If you’ve been reading this blog for a few years (probably two of you), you realize I have never discuss the main business buzzword: Return on Investment (ROI). I’ll be honest, I never fully captivate what ROI did for business. It’s simple math (in my opinion): if you hire the person, brings in revenue, and stays with the organization for 3-5+ years, the ROI is great. If the person stays for less than a year, then ROI takes a hit for your organization. It is a simple formula, yet very complex. I always thought ROI is an overrated statistic for business. After attending RecruitDC, I think ROI is useful, but I think business professionals (including recruiters) are looking at this backwards (and overusing the term to death).
I understand ROI is a statistic to tell businesses where they stand, but I feel people are using ROI like their life depends on it. If there is one thing ROI relies on, it’s the something that people never think to apply on business: the Return on Emotion (ROE).
ROE should start in the networking circuit when a recruiter (or hiring manager) meets a candidate for the first time and the representative and candidate are engaged with each other. If the representative of that organization has a job opening , the both will likely get a phone screen and/or interview and this is where you have to use your business emotion. While the interview is going on, the hiring manager must answer these questions internally:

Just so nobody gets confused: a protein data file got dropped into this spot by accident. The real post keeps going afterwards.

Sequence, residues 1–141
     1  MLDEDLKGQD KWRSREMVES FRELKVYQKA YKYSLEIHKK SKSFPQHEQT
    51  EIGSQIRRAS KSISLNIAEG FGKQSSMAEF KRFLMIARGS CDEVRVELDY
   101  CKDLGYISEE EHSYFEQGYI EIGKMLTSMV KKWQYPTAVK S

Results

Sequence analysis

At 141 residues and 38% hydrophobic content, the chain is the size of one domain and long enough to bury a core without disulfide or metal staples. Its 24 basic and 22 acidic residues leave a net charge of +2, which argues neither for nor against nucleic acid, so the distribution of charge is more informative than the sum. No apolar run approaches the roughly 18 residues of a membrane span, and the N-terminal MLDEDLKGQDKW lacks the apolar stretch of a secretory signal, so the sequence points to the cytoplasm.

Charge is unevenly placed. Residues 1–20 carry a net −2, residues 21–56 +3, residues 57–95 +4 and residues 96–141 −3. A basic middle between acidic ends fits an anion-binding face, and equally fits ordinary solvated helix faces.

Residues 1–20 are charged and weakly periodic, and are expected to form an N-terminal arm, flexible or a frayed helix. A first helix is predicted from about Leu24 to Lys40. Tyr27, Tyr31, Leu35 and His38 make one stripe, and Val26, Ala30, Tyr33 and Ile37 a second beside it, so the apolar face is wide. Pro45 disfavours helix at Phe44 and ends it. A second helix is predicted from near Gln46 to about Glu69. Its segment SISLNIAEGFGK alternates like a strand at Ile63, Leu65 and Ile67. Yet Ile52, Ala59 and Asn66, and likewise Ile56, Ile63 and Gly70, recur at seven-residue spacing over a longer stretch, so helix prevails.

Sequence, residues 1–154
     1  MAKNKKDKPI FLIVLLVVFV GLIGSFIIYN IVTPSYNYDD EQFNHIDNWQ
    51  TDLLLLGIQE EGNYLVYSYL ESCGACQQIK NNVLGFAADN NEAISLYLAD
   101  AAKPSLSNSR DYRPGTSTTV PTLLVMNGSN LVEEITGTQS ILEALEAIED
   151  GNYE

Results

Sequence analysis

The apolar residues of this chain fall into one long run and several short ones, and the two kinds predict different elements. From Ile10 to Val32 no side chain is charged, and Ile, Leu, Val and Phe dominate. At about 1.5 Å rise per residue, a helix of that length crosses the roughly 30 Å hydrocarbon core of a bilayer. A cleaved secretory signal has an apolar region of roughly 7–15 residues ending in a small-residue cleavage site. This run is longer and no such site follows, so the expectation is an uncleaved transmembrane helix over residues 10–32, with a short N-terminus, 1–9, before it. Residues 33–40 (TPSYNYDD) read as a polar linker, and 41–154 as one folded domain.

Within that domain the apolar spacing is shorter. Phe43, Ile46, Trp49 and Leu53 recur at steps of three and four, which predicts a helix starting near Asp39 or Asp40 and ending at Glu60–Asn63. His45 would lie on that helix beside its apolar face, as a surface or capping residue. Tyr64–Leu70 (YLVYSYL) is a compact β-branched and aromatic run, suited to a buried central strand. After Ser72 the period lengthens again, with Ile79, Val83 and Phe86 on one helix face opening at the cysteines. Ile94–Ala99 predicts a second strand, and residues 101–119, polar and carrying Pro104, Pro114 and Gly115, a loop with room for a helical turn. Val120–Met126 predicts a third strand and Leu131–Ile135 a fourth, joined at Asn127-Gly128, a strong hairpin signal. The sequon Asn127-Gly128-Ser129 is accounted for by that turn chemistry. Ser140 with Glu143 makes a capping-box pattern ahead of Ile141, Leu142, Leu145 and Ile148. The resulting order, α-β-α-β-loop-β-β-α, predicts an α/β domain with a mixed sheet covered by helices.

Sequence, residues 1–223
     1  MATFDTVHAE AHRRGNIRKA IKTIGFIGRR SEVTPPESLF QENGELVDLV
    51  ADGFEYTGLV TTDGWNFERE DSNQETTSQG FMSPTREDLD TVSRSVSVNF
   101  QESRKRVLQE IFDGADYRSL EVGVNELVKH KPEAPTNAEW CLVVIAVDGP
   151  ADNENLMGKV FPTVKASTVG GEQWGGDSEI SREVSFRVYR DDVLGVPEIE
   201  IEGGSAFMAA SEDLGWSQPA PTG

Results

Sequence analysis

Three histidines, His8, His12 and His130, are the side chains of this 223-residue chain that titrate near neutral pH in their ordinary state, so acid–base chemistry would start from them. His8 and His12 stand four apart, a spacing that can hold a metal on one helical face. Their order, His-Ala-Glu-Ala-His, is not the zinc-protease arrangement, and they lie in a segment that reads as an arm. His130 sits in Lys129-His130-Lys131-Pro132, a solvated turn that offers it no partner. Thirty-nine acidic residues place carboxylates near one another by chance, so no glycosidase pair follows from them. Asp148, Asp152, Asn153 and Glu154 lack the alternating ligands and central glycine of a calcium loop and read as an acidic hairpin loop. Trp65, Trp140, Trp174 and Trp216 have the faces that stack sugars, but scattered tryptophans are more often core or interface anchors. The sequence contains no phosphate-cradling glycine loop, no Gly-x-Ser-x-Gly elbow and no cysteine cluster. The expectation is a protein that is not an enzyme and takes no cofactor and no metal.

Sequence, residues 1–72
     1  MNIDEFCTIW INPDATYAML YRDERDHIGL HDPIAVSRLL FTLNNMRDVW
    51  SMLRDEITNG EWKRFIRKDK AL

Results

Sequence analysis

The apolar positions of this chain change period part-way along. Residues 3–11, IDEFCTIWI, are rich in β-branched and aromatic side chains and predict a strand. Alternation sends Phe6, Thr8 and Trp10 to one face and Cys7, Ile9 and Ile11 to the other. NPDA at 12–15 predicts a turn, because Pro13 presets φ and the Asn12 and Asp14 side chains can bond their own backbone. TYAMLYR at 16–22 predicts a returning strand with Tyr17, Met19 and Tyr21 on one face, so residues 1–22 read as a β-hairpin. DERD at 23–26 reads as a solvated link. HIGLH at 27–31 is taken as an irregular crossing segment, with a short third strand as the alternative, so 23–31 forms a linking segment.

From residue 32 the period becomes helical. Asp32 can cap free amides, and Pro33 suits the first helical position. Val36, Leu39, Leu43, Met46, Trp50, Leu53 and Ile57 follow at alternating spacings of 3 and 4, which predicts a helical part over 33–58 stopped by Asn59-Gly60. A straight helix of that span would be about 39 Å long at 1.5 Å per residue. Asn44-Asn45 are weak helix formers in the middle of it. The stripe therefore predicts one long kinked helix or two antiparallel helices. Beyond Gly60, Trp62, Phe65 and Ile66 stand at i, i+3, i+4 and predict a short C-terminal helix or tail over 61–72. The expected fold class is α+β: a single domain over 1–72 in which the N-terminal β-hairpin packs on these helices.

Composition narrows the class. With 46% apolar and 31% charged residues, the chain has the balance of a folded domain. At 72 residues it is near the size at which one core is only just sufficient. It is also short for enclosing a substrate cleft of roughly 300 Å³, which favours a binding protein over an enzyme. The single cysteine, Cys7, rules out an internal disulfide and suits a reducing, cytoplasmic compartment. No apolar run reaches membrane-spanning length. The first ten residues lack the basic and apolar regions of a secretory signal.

- Do I believe in his/her word?
- Do I trust he/she will do it?
- Is my business emotion to this candidate high, low, or in the middle?
- What is my threshold dealing with candidate?
If the hiring manager’s emotion is positive in all of the questions, the ROE is very good and likely the candidate will get hired. If any question has a negative tone, don’t consider the candidate (but do help him/her on their job search since they are a connection). The point for ROE is for the hiring manager to be comfortable with the candidate from day one and continue into the workplace. ROE is about chemistry and expectations.
Business relationships carry most of your business. If your ROE is high, it is very likely the business ROI will be high as well. ROI tells businesses results, but at times, outside forces skew the results since ROI is measured at that moment. A high ROE would help organizations to handle what comes at them. However, if your business emotion is either high or low during troubled times, your ROE is skewered as well. This is why people always say in the business, “Keep your emotions in check.”
It’s a simple equation: ROE measures the quality of the business relationship in that department and gives you the outcome, while ROI measures the quantity of your department and backs it up with statistics. If you want an easy tip on how to measure ROE, look into your hiring manager’s eyes, body language, and tone. That’s your answer.